Using a factory method to control Angular dependency injection

Similar to the use of the useClass attribute in the previous post, we can also use the useFactory attribute to supply a factory method to create our dependent value.

To start off, here’s a simple illustration of using the useFactory attribute.

We need to create a factory method which will use some logic to determine which service should be created. In this case checking if the Date.now() is even. This is of course a rather contrived example.

import { FirstService } from './first.service';
import { SecondService } from './second.service';

export let serviceFactory = () => {
  if (Date.now() % 2 === 0) {
    return new FirstService();
  } else {
    return new SecondService();
  }
};

In the first service we add the useFactory attribute to the service’s decorator:

import { Injectable } from '@angular/core';
import { serviceFactory } from './service.provider';

@Injectable({
  providedIn: 'root',
  useFactory: serviceFactory
})
export class FirstService {

  constructor() { }

  output() {
    return 'first';
  }
}

Here is the code for SecondService:

@Injectable()
export class SecondService implements FirstService {
 
  constructor() { }
 
  output() {
    return 'second';
  }
}

Now any component that injects a FirstService through it’s constructor will use the serviceFactory method. This factory could read the service information from a configuration file in the project, allowing us to inject different services based on which configuration file the project was built with.

Control which class will get instantiated for your Angular dependencies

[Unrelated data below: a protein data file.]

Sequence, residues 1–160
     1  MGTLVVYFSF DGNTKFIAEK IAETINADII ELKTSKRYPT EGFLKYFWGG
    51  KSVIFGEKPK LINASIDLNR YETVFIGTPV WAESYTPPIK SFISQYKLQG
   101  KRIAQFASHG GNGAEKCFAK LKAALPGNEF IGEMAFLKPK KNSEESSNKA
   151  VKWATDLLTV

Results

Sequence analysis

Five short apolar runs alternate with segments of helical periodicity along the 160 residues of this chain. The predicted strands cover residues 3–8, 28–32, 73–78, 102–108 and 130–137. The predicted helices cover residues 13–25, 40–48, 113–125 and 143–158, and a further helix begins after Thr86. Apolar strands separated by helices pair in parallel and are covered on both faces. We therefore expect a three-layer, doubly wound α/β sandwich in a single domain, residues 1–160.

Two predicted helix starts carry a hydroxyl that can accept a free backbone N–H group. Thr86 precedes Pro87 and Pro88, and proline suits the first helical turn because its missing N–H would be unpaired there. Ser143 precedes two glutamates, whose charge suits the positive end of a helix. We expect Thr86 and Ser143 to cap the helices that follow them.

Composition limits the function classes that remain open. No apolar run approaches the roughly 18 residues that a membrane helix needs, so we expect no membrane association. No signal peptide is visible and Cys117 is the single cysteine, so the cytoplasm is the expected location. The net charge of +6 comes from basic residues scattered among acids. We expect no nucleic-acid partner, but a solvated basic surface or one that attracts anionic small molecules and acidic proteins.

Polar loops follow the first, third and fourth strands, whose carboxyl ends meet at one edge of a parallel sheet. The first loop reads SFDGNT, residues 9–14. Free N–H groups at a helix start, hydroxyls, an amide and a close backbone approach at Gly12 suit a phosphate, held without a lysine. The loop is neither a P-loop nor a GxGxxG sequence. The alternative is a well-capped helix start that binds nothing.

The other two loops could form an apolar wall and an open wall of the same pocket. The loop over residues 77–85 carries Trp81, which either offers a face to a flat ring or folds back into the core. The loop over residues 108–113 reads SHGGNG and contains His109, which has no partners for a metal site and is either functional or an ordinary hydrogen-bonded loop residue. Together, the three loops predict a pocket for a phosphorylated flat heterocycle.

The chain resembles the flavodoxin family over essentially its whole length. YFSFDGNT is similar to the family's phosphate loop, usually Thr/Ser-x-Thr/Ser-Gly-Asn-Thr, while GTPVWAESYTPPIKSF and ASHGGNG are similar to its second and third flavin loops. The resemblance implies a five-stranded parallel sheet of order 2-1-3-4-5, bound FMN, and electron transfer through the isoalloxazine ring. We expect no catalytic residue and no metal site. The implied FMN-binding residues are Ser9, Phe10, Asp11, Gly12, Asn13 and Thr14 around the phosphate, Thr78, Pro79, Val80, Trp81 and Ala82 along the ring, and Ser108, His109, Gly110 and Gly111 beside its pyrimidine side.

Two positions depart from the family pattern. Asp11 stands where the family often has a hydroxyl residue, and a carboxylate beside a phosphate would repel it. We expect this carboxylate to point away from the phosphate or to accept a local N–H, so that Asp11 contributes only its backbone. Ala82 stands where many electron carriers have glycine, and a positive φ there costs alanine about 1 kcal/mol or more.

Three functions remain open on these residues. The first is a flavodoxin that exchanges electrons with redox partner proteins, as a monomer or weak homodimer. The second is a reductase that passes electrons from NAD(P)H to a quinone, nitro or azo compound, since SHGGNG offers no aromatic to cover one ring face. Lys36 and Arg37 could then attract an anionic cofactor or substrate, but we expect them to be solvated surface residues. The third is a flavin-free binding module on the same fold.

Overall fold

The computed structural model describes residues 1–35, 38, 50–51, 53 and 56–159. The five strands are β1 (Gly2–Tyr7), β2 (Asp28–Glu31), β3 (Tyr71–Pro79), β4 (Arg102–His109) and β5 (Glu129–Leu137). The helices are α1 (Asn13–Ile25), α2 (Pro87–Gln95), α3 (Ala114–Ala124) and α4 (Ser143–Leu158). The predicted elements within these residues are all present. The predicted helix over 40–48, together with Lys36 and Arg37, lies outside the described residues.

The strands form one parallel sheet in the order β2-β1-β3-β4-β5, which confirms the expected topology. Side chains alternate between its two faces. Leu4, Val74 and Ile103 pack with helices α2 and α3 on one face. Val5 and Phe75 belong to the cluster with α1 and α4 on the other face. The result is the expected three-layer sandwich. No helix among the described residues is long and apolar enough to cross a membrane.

Using Angular dependency injection, it’s possible to control which class will be injected for a specific provider. Let’s start with a simple scenario.

Given a simple component:

@Component({
  selector: 'app-root',
  templateUrl: './app.component.html',
  styleUrls: ['./app.component.css']
})
export class AppComponent {
  title = 'dependency-injection';

  constructor(public injectedService: FirstService) {

  }
}

And two services:

@Injectable({
  providedIn: 'root'
})
export class FirstService {

  constructor() { }

  output() {
    return 'first';
  }
}

Where the second one implements the first:

@Injectable({
  providedIn: 'root'
})
export class SecondService implements FirstService {

  constructor() { }

  output() {
    return 'second';
  }
}

We can control which service will be injected using the useClass attribute in the base class declaration:

@Injectable({
  providedIn: 'root',
  useClass: SecondService
})
export class FirstService {

  constructor() { }

  output() {
    return 'first';
  }
}

We need to remove the providedIn attribute in the second service:

@Injectable()
export class SecondService implements FirstService {

  constructor() { }

  output() {
    return 'second';
  }
}

Here it’s important to use the implements keyword rather than the extends keyword as it treats the base class as an interface and does not link to it directly through super which would create a circular reference.

Now our AppComponent will receive a SecondService instance in it’s constructor instead of FirstService.

While this can be used to easily switch which classes are deployed by modifying the attribute in one place, it can also be used to construct more advanced injection scenarios.